I congratulate my hon. Friend on his recent honour, which is thoroughly deserved after a lifetime in public service, both here and in other elected Assemblies. His suggestions are well made. I am already having a number of discussions with ministerial colleagues and thinking very deeply about the range of expertise and individuals that we need, and the diversity of that panel, so that we make sure that the commission, or the committee, is in the best possible place to gather evidence and come up with measured, sensible reforms.
Rapes Reported to the Police: Number of Suspects Charged
The hon. Member is right to raise this issue. It is extremely serious and, frankly, far too few reported cases are being progressed into the criminal justice system, so I entirely agree with and accept the premise of her question. The Government are taking action in this area. The extra 20,000 police officers will greatly help to get rape victims through the system and to get their cases into court. I referenced earlier the extra £85 million for the Crown Prosecution Service. A great deal of that will be targeted towards helping to progress those often very complicated rape cases. As recently as last September, the Under-Secretary of State for Justice, my hon. Friend the Member for Aldridge-Brownhills (Wendy Morton), provided an extra £5 million of funding for rape centres and ISVAs—independent sexual violence advisers—because one of the issues is rape victims dropping out of the process before the case reaches court. I hope that in the upcoming Budget and spending review, there is more we can do.
In West Yorkshire, the number of rapes reported increased by 25% last year, but just 4.4% of those cases resulted in someone being charged. The same is true across the country, so what are the Government doing to ensure that the criminal justice system is properly resourced and that it does not let down victims and add to the trauma that they have already experienced?
As I said, we are putting 20,000 extra officers into the system and £85 million into the CPS, and we are increasing expenditure on rape centres and ISVAs, although I am sure that in those areas, there is more we can do. There is also a review urgently under way to see what further steps we can take, but I believe that the actions that I have outlined, which are taking place as we speak, will move us back in a happier direction.
Court Proceedings: Proportion Covered by Court Reporters
We at the Ministry of Justice do not track or hold data on the number of reporters who report on court proceedings, but I am sad to say that anecdotal evidence suggests that in line with the general decline in local reporting, the reporting of local courts will have declined as well. When my right hon. Friend was Secretary of State at the Department for Culture, Media and Sport, he was instrumental in making sure, at the BBC’s charter renewal, that the local democracy reporting scheme provided £8 million a year to get local reporters into the courts. I congratulate him on that step and hope that there is more we can do along those lines in future.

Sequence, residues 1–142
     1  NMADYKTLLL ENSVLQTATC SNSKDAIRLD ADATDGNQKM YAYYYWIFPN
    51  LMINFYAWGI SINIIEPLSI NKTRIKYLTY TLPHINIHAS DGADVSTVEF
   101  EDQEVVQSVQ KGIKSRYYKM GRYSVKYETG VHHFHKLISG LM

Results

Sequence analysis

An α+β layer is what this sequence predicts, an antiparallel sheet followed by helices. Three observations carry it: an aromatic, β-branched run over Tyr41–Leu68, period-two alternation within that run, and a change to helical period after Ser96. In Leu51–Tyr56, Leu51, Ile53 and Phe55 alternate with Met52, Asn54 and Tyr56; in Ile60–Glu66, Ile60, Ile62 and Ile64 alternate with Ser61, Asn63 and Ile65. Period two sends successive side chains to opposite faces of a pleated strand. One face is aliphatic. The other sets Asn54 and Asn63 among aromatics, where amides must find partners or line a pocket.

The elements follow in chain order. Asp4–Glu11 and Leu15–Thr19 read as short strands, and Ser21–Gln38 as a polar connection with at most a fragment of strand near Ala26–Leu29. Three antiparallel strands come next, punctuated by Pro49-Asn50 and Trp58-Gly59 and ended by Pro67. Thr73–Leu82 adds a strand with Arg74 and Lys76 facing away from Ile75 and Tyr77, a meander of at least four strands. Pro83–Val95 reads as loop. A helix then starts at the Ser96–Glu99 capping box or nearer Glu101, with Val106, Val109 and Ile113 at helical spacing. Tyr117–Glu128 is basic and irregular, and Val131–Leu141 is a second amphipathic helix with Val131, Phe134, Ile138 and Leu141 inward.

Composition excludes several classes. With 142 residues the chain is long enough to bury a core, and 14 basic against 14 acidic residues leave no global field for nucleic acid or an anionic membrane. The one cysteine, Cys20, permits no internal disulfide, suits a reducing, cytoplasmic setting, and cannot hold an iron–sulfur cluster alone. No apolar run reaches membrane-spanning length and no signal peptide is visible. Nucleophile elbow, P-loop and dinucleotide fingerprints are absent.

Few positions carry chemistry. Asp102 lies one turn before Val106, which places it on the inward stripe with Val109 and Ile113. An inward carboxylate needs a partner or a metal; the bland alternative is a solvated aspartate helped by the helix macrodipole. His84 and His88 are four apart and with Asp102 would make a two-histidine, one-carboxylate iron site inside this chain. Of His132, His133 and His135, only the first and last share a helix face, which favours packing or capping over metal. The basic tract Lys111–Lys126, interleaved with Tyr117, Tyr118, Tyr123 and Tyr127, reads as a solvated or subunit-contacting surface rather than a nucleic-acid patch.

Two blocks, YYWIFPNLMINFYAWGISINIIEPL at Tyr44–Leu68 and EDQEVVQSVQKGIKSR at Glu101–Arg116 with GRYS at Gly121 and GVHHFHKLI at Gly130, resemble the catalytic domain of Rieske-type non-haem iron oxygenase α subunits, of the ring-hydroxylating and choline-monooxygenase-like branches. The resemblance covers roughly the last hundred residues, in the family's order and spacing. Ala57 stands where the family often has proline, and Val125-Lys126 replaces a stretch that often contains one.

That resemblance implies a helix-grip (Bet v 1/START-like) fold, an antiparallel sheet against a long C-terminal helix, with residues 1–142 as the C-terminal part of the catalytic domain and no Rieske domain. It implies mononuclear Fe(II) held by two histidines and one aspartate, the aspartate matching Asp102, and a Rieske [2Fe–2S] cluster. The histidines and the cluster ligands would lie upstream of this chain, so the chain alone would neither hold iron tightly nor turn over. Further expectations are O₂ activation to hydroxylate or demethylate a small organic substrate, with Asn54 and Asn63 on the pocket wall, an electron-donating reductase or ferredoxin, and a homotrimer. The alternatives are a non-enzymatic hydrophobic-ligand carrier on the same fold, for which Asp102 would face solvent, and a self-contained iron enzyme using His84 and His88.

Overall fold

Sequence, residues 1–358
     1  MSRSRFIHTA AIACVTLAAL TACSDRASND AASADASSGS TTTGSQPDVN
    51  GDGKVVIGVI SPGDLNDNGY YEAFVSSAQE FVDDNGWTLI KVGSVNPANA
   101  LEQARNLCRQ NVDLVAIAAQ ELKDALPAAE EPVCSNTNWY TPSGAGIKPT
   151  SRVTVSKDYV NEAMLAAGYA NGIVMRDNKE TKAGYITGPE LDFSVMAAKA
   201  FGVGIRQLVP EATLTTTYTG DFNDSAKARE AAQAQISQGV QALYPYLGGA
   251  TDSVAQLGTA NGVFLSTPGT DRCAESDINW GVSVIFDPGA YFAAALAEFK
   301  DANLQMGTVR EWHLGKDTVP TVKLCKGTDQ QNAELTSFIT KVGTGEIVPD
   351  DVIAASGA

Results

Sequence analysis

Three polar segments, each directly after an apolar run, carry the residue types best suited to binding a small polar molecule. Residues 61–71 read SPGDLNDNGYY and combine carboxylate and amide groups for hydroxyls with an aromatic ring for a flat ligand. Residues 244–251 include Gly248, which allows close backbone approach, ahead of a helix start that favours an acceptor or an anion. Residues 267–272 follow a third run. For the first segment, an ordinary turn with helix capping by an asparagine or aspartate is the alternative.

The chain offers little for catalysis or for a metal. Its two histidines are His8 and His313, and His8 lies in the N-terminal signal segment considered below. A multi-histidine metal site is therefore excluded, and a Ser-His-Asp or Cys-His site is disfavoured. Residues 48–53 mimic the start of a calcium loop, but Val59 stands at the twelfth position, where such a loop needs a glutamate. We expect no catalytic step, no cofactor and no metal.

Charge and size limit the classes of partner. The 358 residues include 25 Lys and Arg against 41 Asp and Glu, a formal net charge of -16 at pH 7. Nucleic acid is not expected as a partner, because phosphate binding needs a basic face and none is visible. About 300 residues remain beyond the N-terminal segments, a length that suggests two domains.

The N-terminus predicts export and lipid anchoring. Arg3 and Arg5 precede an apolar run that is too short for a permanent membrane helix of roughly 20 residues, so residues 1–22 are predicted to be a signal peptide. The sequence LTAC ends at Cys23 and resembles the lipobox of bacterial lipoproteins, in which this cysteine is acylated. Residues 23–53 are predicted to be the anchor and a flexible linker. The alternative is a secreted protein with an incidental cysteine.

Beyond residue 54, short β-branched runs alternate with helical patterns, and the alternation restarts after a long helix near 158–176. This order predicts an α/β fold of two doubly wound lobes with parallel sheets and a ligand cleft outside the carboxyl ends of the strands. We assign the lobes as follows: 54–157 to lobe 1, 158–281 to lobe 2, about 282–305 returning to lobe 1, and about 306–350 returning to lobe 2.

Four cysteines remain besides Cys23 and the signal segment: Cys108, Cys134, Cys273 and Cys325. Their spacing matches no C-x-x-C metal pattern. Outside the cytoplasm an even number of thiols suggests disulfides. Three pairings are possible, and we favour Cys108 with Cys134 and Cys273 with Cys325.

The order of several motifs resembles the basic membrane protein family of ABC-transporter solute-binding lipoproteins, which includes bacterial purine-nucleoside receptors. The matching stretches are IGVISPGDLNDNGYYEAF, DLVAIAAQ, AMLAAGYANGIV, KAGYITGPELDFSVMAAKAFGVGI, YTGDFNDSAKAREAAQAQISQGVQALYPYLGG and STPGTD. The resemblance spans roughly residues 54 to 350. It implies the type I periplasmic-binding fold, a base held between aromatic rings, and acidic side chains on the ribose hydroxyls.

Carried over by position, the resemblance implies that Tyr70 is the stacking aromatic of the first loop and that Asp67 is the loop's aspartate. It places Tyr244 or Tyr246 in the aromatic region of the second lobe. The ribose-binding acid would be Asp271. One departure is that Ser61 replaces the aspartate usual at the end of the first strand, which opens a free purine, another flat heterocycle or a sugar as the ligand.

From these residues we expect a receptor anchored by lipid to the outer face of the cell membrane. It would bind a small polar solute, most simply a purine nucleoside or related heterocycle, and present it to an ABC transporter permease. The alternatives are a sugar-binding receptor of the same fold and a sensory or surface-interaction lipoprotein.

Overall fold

I thank my hon. Friend, and I thank the Minister of State, Ministry of Justice, my hon. and learned Friend the Member for South East Cambridgeshire (Lucy Frazer), for the work that she has done in this area. Does he share my view of how important it is that court proceedings are properly reported by trained journalists so that justice can be seen to be done? Will he continue to work with the Society of Editors, the News Media Association and others to see what further measures can be taken to achieve that?
I strongly concur and can certainly give my right hon. Friend the commitment he asks for. Certainly from the perspective of Her Majesty’s Courts and Tribunal Service, staff are given training to facilitate access by journalists, and the Ministry is currently giving very active and relatively imminent consideration to ways of making sure that court decisions and proceedings are brought more directly to the public.
Human Rights Framework: Reform
I have been discussing this issue with my Cabinet colleagues and will continue to do so. The United Kingdom is committed to protecting and respecting human rights and will continue to champion them both here and abroad. As set out in our manifesto, after Brexit we need to look at the broader aspects of our constitution, including the balance between the rights of individuals and effective government.
I welcome you to your place, Mr Speaker.
Before the general election, the Conservative manifesto promised to update the Human Rights Act 1998. Since its introduction, the Act has successfully protected countless citizens across the UK from human rights abuses, so can the Secretary of State tell me which specific aspects of the Act need updating?
I refer the hon. Lady to the answer I gave in the context of the constitutional commission. Updating Acts is something we do regularly in this place. The Human Rights Act is now just over 20 years old. Aspects of its operation have worked very well; others deserve a further look—for example, the operation of the margin of appreciation and how Strasbourg case law is adhered to. All those issues are relevant and material to the work of the commission.